AWS for Games Blog
Game Server Hosting on AWS Fargate
AWS offers various options for hosting session-based games. Whether you’d like to leverage a managed service like Amazon GameLift, build your own solution using Amazon EC2, or use a container service such as Amazon Elastic Kubernetes Service (EKS) or Amazon Elastic Container Service (ECS), AWS provides secure, resizable capacity to operate your game with low latency and cost.
Containers are a great option for hosting game servers. They are lightweight, standalone, and provide complete control to easily package up game server software (binaries) and deploy them in a consistent way across multiple environments. But for many, having to provision and maintain server instances can be cumbersome. AWS Fargate is a serverless compute engine that works with both ECS and EKS, enabling you to focus on your game without having to manage the underlying infrastructure.
To help you explore game server hosting with AWS Fargate, we’ve created an example solution – now available on Github. This easy to use example includes AWS CloudFormation templates and a step-by-step deployment guide, enabling you to quickly implement a serverless, containerized game server solution on AWS.
The following diagram presents the architecture that you can quickly deploy using the solution’s implementation guide and accompanying AWS CloudFormation templates and deployment scripts:
This solution uses AWS Fargate to host game server tasks on ECS and a serverless backend service to manage the game servers. For the purpose of this example, the game client and server are developed with Unity engine.
To deploy the solution you will need an AWS Account and AWS CLI with access keys configured and you need to also install AWS SAM CLI, Docker, Python 3.7 and Unity 2019. See the Preliminary Setup in the repository for detailed instructions. You will also include some dependencies in the client and server code that are downloaded as part of the setup.
Deployment scripts are available for both Bash and Powershell. This allows you to deploy the solution on the OS and tooling of your choice. See Deployment with Bash Scripts and Deployment with Powershell Scripts for full step-by-step details.
Deployment steps overview
- First, deploy the base infrastructure consisting of a Virtual Private Cloud (VPC) and an ECS Cluster to host the Fargate Tasks. The CloudFormation Stack Exports for Subnet and Security Group ID:s will be referenced by the other Stacks to use to the correct VPC resources.
- Then, deploy the ElastiCache Redis CloudFormation Stack. ElastiCache is hosted in the private subnets of the VPC, and Security Groups allows access only from the AWS Lambda function Security Groups.
- Next, build the game server Linux binary in Unity and run a script to build a Docker image with the binary and upload that to Elastic Container Registry (ECR). The script will then create or update a CloudFormation Stack defining the Task Definition using this newly built container image for hosting our game server Tasks.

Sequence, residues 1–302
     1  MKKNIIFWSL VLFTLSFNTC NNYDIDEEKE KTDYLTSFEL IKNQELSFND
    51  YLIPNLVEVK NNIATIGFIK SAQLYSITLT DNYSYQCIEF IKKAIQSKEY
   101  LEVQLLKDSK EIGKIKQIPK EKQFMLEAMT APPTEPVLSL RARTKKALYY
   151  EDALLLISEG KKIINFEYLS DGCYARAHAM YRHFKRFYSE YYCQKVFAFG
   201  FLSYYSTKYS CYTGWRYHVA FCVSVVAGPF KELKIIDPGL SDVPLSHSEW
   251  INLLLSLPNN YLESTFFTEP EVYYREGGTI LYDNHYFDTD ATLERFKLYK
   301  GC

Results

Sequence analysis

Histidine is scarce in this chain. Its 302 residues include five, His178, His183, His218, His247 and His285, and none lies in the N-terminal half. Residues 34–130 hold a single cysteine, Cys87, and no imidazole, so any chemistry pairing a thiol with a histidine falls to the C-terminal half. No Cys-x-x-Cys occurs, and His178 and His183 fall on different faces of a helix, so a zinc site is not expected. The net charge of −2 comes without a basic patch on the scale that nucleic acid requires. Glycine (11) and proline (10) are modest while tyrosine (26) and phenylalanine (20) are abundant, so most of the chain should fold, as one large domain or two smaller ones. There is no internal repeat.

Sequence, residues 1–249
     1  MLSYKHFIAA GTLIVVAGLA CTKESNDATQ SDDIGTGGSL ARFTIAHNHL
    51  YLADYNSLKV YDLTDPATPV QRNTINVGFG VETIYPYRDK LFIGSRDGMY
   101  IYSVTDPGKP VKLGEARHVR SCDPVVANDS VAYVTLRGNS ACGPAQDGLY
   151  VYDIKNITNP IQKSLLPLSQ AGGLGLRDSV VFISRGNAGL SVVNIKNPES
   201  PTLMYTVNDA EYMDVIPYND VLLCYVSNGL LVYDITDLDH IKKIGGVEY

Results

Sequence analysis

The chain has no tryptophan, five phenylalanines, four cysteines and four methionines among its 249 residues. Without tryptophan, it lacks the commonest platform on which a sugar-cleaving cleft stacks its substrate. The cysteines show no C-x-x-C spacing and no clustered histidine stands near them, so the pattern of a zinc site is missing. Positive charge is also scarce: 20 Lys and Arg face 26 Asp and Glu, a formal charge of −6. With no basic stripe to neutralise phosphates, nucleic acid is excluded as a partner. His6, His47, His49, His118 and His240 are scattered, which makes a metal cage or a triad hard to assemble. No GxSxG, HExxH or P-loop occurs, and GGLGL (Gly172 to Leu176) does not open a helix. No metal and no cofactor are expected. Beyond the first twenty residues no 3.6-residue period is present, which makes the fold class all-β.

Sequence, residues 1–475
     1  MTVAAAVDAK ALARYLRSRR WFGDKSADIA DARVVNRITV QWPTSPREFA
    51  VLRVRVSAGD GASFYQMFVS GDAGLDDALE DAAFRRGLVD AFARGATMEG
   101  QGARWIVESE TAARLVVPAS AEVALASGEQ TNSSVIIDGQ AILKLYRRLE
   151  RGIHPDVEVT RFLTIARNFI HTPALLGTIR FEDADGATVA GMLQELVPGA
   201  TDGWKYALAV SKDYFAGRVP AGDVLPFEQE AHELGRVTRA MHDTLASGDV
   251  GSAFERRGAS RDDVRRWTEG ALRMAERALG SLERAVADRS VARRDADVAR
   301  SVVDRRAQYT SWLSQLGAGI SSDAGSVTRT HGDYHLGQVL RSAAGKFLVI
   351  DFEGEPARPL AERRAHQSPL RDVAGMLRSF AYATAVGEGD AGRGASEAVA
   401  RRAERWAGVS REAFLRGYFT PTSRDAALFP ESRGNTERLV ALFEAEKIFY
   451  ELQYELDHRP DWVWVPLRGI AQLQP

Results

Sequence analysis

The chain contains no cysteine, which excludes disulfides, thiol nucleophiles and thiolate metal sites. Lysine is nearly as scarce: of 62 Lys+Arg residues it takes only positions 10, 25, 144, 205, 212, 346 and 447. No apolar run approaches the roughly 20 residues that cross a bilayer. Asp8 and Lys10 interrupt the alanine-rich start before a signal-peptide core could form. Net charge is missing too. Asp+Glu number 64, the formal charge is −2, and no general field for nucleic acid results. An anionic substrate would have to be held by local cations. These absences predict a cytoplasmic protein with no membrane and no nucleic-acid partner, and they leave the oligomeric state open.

- Now we can deploy the backend resources using Serverless Application Model (SAM). This deploys all the Lambda functions as well as Amazon API Gateway that is used by the game client to request a session. The scaler function immediately starts the minimum required amount of Tasks using the Task Definition created in the previous step.
- Once the backend is up, you will deploy a CloudFormation stack that creates a Cognito Identity Pool for player identities that allows players to access the API Gateway with signed requests.
- The last step is to configure the Cognito and API Gateway endpoints to the Unity client and run two clients to see players connecting to the same game session.
The resources of the solution are hosted in a Virtual Private Cloud (VPC) with public and private subnets. All the VPC resources are deployed using a CloudFormation template as the first step of the deployment instructions.
Two Public Subnets are configured in two Availability Zones for high availability, both with 8192 IP addresses (CIDR blocks 10.0.0.0/19 and 10.0.32.0/19) to allow scaling to many game servers. Only the game servers are hosted in these public subnets.
Private subnets are also configured across two Availability Zones and each host 256 IP addresses (CIDR blocks 10.0.64.0/24 and 10.0.65.0/24). Only ElastiCache Redis and backend Lambda functions are hosted in the private subnets. As the resources in private subnets don’t have any internet access, VPC Endpoints for CloudFormation and ECS APIs are configured to allow the Lambda functions to access the resources they need.
The following diagram presents the key components of the networking infrastructure.
Fargate tasks and scaling
The solution hosts 10 game server containers on each Fargate task. Using this approach, you can easily scale the resources used by a single game server based on demand. Scaling game server fleets is significantly faster than running a single game server on each task. This approach also allows ‘micro-sized’ game servers, which are perfect for turn-based and 1-1 games.